President Donald Trump this month signed a temporary spending bill, H.R. 4378, a.k.a. the Fiscal Year 2020 Continuing Resolution (CR), that funds the government through November 21. The bill extends FY19 funding levels and heads off a lapse in funding that would have occurred at the end of the day today (September 30).
Notably, the spending measure includes language, secured by  Rep. Dan Newhouse  (R-WA), that reinstates the waiver authority that was missing from Farm Bill 2019 for the Specialty Crop Research Initiative (SCRI), the important grant program administered by the USDA's National Institute of Food and Agriculture (NIFA). That means that the Agriculture Secretary may waive the match requirement (set at 100%) within SCRI for projects considered to be of significant value to agriculture stakeholders. One downside: Because this is a short-term CR, similar language will need to be included in subsequent appropriations bills that would fund USDA for 2020.
Additionally, the Senate Agriculture Appropriations Committee included language that will provide the USDA's Agricultural Research Service (ARS) valuable new funding for research related to precision viticulture. It states, "The Committee recognizes the rapid growth in demand for premium wine and the industry's concurrent benefits in terms of helping numerous rural communities generate new tourism and tax revenue. Relevant stakeholders have identified precision viticulture and decision support systems as the preferred path to improving grape productivity and quality. The Committee provides $1,000,000 for a collaborative research program focused on precision viticulture for premium grapes and wine and to support existing ARS viticulture and enology research programs."
NGRA members may recall that "precision viticulture and decision support systems" was the research priority that emerged from the brainstorming sessions with government scientists and industry representatives at the ARS Workshop we jointly held in November 2017. So, many thanks to ARS for taking that priority to heart!

We're grateful to our elected officials for their support and to the many organizations--many of them NGRA members--that help educate them on the needs for critical scientific funding via USDA programs like these. We're encouraged by these wins and look forward to the advances they'll enable for grape research.

The Specialty Crop Research Initiative (SCRI)  addresses the critical needs of the specialty crop industry by awarding grants to support research and extension that address key challenges of national, regional and multi-state importance in sustaining all components of food and agriculture, including conventional and organic food production systems. Projects must address at least one of the five SCRI focus areas, listed in the Request for Applications (RFA).  The application deadline is October 15.  See the complete RFA .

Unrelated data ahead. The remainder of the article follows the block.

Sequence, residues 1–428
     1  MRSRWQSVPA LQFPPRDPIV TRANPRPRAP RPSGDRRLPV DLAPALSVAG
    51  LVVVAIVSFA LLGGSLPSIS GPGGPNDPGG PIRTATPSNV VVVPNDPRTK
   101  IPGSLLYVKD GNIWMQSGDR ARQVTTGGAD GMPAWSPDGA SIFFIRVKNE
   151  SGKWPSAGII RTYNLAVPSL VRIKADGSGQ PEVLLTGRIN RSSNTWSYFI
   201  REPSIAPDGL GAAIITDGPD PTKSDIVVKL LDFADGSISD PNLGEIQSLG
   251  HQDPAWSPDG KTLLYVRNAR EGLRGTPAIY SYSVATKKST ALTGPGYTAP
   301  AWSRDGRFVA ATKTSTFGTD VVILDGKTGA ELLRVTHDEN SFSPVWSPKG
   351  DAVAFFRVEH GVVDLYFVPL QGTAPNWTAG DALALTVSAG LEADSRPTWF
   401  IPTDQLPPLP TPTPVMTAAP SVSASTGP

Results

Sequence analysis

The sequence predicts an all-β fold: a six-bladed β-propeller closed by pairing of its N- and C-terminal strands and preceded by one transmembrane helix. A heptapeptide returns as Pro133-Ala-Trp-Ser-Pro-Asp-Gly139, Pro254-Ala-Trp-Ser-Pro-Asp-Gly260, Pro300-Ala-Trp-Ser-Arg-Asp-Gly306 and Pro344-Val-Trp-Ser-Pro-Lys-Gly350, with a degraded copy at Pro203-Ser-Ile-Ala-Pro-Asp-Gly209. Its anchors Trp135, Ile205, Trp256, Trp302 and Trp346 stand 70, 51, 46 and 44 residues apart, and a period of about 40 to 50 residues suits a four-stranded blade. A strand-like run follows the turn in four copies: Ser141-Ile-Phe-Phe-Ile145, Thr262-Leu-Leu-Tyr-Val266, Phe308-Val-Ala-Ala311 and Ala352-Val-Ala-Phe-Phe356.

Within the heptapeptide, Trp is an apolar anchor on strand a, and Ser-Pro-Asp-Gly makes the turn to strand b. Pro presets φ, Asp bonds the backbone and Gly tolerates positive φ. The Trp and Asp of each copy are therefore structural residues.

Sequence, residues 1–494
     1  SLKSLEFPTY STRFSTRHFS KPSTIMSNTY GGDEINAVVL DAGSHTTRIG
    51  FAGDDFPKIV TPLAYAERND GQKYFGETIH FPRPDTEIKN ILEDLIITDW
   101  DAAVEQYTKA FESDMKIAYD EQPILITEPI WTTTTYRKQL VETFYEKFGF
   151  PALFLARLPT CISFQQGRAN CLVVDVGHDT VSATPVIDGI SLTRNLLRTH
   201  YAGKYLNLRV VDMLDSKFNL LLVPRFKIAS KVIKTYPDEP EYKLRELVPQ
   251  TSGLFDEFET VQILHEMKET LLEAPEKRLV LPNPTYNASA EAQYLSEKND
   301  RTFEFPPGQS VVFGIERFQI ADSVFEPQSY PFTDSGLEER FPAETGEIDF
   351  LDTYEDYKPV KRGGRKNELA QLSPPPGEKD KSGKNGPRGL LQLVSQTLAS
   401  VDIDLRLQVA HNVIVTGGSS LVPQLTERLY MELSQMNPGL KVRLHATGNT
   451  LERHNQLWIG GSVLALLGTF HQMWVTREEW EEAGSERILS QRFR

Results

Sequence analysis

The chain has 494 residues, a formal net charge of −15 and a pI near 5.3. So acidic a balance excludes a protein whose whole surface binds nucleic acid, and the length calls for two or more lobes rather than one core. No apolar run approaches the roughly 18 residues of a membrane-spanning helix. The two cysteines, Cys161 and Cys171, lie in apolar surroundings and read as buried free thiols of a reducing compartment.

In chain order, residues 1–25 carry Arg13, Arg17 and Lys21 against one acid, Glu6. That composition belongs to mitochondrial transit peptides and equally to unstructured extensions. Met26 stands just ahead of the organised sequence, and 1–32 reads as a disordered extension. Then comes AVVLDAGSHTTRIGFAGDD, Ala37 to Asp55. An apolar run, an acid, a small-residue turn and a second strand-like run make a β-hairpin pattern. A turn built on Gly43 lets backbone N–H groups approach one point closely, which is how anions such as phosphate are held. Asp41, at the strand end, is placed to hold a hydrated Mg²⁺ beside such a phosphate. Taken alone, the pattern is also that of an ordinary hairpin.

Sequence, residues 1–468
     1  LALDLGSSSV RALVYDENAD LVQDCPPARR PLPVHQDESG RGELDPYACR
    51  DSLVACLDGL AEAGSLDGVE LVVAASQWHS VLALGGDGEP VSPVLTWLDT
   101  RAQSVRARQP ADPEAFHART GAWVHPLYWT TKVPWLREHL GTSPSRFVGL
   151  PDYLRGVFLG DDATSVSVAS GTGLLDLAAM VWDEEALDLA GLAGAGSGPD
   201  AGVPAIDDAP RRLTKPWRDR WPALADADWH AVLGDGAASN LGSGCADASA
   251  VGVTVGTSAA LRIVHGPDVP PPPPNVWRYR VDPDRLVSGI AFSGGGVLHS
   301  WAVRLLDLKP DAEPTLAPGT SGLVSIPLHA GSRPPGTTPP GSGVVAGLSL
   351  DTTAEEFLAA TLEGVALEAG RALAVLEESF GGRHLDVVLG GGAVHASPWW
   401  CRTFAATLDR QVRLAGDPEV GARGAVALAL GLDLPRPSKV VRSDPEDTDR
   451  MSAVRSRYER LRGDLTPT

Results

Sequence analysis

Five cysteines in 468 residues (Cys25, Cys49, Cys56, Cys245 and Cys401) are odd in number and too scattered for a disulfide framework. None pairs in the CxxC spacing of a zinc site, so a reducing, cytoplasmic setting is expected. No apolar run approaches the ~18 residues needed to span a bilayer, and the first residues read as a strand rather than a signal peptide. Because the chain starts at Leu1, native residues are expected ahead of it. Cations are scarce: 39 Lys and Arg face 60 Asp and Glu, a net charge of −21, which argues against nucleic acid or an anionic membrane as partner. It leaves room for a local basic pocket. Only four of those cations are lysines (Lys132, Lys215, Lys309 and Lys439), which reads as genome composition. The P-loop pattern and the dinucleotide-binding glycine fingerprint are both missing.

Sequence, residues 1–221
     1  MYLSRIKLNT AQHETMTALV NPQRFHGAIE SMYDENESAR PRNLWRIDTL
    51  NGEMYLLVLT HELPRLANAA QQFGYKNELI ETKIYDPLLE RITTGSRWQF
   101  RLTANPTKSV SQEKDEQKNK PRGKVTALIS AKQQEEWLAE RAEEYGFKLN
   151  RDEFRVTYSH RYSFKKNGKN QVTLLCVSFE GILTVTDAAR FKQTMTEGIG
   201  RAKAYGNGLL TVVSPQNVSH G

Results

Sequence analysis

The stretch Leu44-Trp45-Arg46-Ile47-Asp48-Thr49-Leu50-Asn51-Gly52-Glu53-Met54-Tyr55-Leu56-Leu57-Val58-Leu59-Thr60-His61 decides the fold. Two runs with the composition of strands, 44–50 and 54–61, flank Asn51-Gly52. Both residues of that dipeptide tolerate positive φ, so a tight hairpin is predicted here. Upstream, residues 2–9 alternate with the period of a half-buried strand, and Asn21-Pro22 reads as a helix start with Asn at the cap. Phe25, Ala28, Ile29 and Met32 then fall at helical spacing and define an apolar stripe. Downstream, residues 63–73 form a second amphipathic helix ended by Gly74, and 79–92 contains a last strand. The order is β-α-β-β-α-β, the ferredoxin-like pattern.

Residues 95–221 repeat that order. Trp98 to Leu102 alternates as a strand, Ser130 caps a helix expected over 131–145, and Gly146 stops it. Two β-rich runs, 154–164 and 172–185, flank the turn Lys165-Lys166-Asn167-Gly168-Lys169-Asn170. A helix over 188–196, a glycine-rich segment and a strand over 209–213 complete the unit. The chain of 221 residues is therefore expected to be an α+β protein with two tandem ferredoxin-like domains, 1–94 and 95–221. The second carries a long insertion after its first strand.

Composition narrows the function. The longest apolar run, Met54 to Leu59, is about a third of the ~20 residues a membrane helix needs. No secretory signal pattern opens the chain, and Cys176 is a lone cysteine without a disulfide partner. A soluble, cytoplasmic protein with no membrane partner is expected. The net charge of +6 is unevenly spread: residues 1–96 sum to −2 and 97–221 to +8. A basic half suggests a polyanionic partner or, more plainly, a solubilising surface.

The USDA's Animal and Plant Health Inspection Service (APHIS) invites stakeholders to submit project proposals for FY20 to implement the National Clean Plant Network (NCPN) program. APHIS has $5,000,000 in funding to support the projects with priority given to proposals that focus on specialty crops like grapes. The application deadline is October 18. See the complete RFA.

NGRA is pleased to provide scientists with letters of support for grant applications for  projects that fit  our research priorities.  Because NGRA is a national coalition representing all grape sectors, our endorsement is considered a valuable signal of industry relevance to reviewers as they consider funding allocations.  We ask for a minimum of two weeks' notice to process requests. Email requests for letters of support to NGRA President Donnell Brown.

September 25, 2019 | MacArthur Foundation
This month, the MacArthur Foundation announced its 2019 fellows. The "genius grants" honor "extraordinary originality" and "big-C creativity," and come with a no-strings-attached, 5-year, $625K grant. Honorees are artists, writers, historians, legal advocates, community activists and yes, scientists--including this year, plant biologist Dr. Zachary Lippman. His work at the Cold Spring Harbor Laboratory combines traditional plant breeding with genomics to optimize the balance of plant inflorescence and leaf production, using tomato as a model system. But the work has applicability to other fruits. Grapes, Dr. Lippman?
September 19, 2019 | National Science Foundation
Scientists at the University of California, Irvine have developed a machine learning-based model for predicting the size of a wildfire from the moment of ignition. "An analogy is what makes something go viral in social media," said PI Shane Coffield. "We can think about what properties of a tweet or post might make it become really popular--and how you might predict that the moment it's posted or even before it's posted."
September 12, 2019 | Newsweek
Following 25 years of study, researchers at Rutgers University say climate change is degrading the ability of soils to absorb water, which could impact its ability to store CO2. "Our results suggest that how water interacts with soil could change appreciably, and do so fairly rapidly," said co-PI Daniel Giménez.
September 10, 2019 | Morning Ag Clips
A research team led by Dr. Brandon Gaut of the University of California Irvine and Dr. Dario Cantu at UC Davis has deciphered the Chardonnay genome. Their results will further plant breeding by understanding how structural variants, or chromosome changes, in the genomes of Chardonnay (and Cabernet Sauvignon, used as a reference) determine differences in taste, color and more. Both varieties, they found, have about 37,000 genes.
September 10, 2019 | Wine Business Monthly
A promising new treatment therapy to enhance grapevine immunity to Pierce's Disease is being developed by researchers in New Mexico. It uses grape-derived peptides that can be applied to grapevines infected with Xylella fastidiosa, the causative bacterial agent of Pierce's Disease, in order to prevent, suppress or cure PD and increase the productive life of grapevines. Field studies are being supported by CDFA Pierce's Disease/Glassy-winged Sharpshooter Board.